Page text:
Sainsbury’s has revealed it could shut a raft of Argos stores and relocate them within its supermarkets as it set out the case for a £1 billion-plus takeover of Home Retail Group.
The chain said it is still “considering its position” after it took the market by surprise last week when it revealed it had made an approach for the group in November, which was rebuffed.
Sainsbury’s chief executive Mike Coupe remained tight-lipped on talks with Home Retail and plans for any improved offer.
But in a presentation outlining its rationale for the tie-up, Sainsbury’s said it would look to shut a number of the 734 stores in the Argos chain and bring them into its supermarkets as concessions.
Retail experts believe between 150 and 200 Argos stores could be impacted.
Mr Coupe said overall it could expand the Argos chain by rolling out concessions in supermarkets nationwide.
Our continued investment in quality, price and service drove like-for-like transaction and volume growth year-on-year.Mike Coupe, chief executive of Sainsbury’s
He also stressed the group would not overpay for Home Retail amid reports that some major shareholders want at least £1.6 billion.
“This is not a deal we need to do at any price,” he said.
The comments came as Sainsbury’s revealed a slightly better-than-expected performance over the Christmas season, with sales in established stores excluding fuel edging 0.4% lower in the 15 weeks to January 9 against a “highly competitive” market.
Its trading failed to match the 0.2% sales increase reported on Tuesday by smaller rival Morrisons in what marked an unexpected result from the embattled group, although this was for the nine weeks to January 3.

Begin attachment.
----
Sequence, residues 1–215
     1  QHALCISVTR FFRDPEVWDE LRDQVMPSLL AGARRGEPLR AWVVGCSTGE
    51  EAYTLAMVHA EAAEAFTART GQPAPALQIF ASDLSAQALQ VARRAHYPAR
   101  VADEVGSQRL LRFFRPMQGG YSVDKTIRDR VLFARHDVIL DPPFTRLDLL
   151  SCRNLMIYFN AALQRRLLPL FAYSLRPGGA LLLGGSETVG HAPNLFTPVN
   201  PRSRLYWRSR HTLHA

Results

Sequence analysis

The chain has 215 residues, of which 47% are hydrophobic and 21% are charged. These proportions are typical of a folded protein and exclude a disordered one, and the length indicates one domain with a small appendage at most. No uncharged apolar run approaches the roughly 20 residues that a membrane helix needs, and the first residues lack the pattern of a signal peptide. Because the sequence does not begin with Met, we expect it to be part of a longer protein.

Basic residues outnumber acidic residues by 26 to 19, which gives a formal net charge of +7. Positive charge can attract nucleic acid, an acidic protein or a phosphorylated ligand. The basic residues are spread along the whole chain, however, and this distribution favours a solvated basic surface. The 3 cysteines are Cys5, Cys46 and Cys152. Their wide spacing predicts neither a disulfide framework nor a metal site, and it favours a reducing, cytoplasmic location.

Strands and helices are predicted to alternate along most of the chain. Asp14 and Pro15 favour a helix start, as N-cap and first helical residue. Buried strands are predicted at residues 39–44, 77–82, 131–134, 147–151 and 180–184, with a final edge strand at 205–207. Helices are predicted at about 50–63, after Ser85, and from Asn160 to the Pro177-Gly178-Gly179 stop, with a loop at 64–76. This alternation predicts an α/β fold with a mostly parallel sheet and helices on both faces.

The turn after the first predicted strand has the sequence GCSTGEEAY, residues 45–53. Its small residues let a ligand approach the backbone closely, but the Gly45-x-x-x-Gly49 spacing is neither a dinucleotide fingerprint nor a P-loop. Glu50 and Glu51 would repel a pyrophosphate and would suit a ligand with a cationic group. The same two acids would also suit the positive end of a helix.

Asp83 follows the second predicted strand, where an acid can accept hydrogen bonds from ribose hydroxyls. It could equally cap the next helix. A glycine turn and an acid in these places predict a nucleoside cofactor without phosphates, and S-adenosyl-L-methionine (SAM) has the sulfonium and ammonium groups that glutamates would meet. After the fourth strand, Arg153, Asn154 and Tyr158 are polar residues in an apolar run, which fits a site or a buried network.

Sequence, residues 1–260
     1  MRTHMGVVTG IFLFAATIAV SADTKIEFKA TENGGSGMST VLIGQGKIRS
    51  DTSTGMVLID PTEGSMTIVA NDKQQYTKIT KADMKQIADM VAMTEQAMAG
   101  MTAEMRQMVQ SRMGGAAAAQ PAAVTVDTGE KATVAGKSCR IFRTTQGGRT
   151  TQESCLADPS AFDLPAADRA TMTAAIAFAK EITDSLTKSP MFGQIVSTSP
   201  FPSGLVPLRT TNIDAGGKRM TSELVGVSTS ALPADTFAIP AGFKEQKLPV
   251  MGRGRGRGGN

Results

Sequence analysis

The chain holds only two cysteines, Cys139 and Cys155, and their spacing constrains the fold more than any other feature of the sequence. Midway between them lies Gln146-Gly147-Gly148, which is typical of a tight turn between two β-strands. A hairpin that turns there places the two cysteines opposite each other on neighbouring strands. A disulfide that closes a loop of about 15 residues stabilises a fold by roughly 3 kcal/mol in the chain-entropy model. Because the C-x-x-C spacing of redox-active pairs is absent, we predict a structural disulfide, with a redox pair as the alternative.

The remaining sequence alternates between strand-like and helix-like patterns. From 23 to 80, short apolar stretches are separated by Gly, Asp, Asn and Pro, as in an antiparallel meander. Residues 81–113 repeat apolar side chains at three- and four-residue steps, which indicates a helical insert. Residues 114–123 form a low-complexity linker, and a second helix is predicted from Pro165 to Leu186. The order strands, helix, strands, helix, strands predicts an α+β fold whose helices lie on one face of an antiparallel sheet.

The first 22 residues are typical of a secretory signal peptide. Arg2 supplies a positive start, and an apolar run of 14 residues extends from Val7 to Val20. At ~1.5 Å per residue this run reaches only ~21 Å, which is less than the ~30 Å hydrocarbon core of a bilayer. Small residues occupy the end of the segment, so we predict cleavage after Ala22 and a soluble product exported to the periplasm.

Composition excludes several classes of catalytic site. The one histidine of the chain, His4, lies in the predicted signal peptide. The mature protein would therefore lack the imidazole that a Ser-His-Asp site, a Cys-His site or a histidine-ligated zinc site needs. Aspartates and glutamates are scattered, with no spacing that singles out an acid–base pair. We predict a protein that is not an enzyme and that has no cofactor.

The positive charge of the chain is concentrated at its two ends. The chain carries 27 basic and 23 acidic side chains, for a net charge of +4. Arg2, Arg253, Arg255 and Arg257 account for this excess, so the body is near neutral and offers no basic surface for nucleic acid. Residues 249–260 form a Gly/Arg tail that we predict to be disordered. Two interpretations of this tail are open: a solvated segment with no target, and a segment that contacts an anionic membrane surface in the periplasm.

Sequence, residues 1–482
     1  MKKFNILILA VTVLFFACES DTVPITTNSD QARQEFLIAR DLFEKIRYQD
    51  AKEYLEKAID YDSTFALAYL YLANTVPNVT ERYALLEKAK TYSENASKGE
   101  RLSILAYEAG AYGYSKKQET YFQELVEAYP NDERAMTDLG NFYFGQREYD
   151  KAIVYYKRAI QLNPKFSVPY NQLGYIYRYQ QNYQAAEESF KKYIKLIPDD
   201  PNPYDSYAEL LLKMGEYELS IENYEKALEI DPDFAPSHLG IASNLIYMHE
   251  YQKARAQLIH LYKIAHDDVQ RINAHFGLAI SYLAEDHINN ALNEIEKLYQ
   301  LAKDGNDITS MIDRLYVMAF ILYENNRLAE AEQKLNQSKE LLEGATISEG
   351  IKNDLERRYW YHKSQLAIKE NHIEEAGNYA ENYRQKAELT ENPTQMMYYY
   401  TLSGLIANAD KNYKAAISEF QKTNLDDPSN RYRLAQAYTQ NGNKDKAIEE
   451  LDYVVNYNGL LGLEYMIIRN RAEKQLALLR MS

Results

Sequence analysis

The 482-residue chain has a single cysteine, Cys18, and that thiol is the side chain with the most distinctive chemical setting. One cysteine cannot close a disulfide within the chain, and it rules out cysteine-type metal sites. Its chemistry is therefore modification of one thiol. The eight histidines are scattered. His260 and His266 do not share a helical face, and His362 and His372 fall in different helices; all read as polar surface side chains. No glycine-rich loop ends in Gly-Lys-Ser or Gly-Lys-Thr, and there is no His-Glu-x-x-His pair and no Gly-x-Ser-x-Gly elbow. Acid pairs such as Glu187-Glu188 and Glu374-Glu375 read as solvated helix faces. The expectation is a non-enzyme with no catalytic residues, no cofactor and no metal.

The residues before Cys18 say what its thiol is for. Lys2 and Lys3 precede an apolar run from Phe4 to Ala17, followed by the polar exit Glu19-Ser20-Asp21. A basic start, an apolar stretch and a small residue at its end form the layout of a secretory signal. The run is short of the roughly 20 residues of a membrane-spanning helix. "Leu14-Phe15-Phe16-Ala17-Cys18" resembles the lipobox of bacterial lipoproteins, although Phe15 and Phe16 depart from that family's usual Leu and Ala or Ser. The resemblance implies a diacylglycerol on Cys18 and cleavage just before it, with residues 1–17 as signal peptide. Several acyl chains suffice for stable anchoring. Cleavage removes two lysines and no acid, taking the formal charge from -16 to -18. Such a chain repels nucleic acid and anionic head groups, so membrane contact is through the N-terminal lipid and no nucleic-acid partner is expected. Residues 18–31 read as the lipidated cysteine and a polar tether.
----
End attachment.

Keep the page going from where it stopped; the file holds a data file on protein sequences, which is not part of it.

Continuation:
But Sainsbury’s was the only one of the so-called Big Four to gain market share over Christmas, according to data from Kantar Worldpanel on Tuesday showing its share rising to 17% in the 12 weeks to January 3 from 16.9% a year earlier.
The City is eager to hear if Sainsbury’s will increase its bid for Home Retail, which also owns DIY chain Homebase.
It has until February 2 to make a firm offer or walk away under the City Takeover Panel’s so-called put up or shut up deadline.
Sainsbury’s said it believes around half of Argos stores had shop leases with less than five years to run, offering opportunities to shut a number of these and move them into its outlets.
There are already 10 Argos concessions within Sainsbury’s stores as part of a trial.
The grocer said it is a “strategically compelling transaction” which would allow it to take on the might of rivals such as Amazon, with more than 100,000 general merchandise products between Argos and Sainsbury’s.
It also sought to answer critics who have questioned cross-selling opportunities, claiming that over 40% of households have shopped in both Argos and Sainsbury’s over the past year.
But Mr Coupe said he “couldn’t be drawn” on plans for Homebase, stoking speculation it would seek to offload the business.
Analysts at Bernstein said there are still concerns over the Home Retail deal.
“As Sainsbury’s is still reporting negative like for likes - albeit improving and better than deflation - we still see the deal as a distraction from the key battles for Sainsbury’s,” they added.
The takeover saga will remain in the spotlight on Thursday as Home Retail will be looked to for its take on the tie-up when it updates on recent trading.